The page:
Saving our Kids from Nature Deficit Disorder

Sports leagues are great for kids when it comes to developing fitness, but there is a growing school of thought that asks the question "is that all there is?"  Physical well-being is certainly improved through typical sports programs but kids also need more nature, as well as exposure to lifelong activities.  Author Richard Louv's book Last Child in the Woods: Saving Our Children from Nature-Deficit Disorder has provided an impetus for a movement that seeks to get kids back in touch with nature.  "Nature Deficit Disorder" is the term that he has given to the disconnection between today's children and the great outdoors.  Some states have launched initiatives to get kids outside, which are flourishing despite the failure of federal No Child Left Inside Act legislation in 2011.  Louv and many others believe that the absence of nature in children's lives is related to increasing stress levels, childhood obesity, depression and stress.  From 1977 to 2003 there was a 50% drop in children who participated in outdoor activities.  At the same time there are studies that show that nature can reduce stress, help children focus, and promote kids' emotional and social development.  And let's hear it for just plain fun, which comes in droves from outdoor play and adventure.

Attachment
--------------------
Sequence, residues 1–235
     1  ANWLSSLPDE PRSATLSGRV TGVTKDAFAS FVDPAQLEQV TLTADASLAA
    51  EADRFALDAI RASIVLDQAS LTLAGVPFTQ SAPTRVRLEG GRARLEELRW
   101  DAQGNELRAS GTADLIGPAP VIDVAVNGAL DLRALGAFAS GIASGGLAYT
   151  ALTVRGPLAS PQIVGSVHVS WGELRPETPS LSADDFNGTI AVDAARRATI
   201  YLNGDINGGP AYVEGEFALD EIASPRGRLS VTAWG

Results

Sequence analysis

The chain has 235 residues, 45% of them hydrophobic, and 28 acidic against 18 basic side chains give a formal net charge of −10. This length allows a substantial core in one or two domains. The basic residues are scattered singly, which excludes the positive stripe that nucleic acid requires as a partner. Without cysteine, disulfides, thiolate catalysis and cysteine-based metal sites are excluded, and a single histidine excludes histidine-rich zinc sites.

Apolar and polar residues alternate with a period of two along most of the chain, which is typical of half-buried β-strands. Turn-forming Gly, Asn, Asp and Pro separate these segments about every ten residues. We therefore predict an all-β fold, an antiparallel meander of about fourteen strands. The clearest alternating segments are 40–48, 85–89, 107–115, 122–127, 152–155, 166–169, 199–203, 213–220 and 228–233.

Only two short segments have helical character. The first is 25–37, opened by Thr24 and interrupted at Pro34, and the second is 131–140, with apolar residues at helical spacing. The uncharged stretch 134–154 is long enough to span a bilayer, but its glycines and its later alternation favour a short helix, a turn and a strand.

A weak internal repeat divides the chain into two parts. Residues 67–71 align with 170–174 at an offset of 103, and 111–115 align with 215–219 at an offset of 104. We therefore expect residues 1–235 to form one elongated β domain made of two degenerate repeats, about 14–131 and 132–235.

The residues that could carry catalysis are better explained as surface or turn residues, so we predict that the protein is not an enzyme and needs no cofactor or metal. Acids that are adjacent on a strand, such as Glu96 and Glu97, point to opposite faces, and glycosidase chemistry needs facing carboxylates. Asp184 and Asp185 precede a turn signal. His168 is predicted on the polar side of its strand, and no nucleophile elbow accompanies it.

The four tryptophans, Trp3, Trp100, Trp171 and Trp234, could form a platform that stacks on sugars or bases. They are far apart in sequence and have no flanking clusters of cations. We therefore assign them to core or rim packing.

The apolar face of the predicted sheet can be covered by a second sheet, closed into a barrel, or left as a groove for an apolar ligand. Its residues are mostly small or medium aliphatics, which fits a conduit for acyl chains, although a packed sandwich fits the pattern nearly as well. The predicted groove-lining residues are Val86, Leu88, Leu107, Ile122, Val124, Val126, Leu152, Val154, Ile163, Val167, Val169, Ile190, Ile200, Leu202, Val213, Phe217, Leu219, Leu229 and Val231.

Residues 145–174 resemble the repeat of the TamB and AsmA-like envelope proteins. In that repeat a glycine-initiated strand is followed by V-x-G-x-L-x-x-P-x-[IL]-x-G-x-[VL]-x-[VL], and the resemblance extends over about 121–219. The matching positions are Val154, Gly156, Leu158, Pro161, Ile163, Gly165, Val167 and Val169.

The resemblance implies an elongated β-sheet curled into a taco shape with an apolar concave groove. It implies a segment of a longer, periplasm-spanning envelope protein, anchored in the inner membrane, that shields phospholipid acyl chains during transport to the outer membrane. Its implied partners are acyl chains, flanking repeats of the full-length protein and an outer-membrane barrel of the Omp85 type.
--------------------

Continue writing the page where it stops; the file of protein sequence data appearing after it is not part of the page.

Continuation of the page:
Here are some of our tips (all of them tried out successfully on our own children) for helping your kids to overcome NDD, and joyfully connect with nature:

  • Slow down the forced march, smell the roses (or find the bugs under the rocks) and share kids’ wonder.

  • Have scadventure hunts:  make a list of things you'd like the kids to find in the woods, or have them develop their own lists.

  • Go on walkie talkie walks:  take walkie talkies with you to the woods.  These are a guaranteed hit with kids.

  • Encourage kids to draw pictures and keep a journal of their outdoor adventures.

  • Bring home treasures (e.g., pine cones, shells) if allowed.

  • Combine outings with a destination that the whole family will like (museum; playground; café).

  • Play games (hide and seek in teams-- never let kids hide alone; find the blazes).

  • Bring food and treats; surprise them.

  • Let older kids bring along friends.

  • Teach kids to use map and compass.

  • Invite another family along.

  • Plan some separate adventures for teens.

  • Develop an adventure passport.

  • Time it right for young children with regard to meal times and naps.

  • Let little ones nap on your back or in your bike trailer.

  • Go sightseeing by bicycle.

  • Sing songs and take along a songbook.

  • Put the slowest hiker, skier, etc. in the lead

  • Use extra caution and be willing to turn around.

  • Get a bug inspection kit.

  • Buy children’s binoculars.

  • Get kids their own daypacks.

  • Set aside a family fun day and alternate travel sport team seasons with family fun days/weekends.

  • Start when you kids are infants: don't wait until they are "old enough". You can transition their gear accordingly:  e.g., bike trailer to trail-a-bike to bike.

  • Start a family outing club.

  • Get the kids disposable cameras to record their adventures.

  • Encourage your children's school or local outing club to start a Kids' Outdoor Adventure Club. If sponsored by your school there are numerous opportunities to integrate the activities in a fun way into curriculum (e.g., science, teambuilding/human relations, history, math).

Here are some resources for helping you to get your kids outdoors: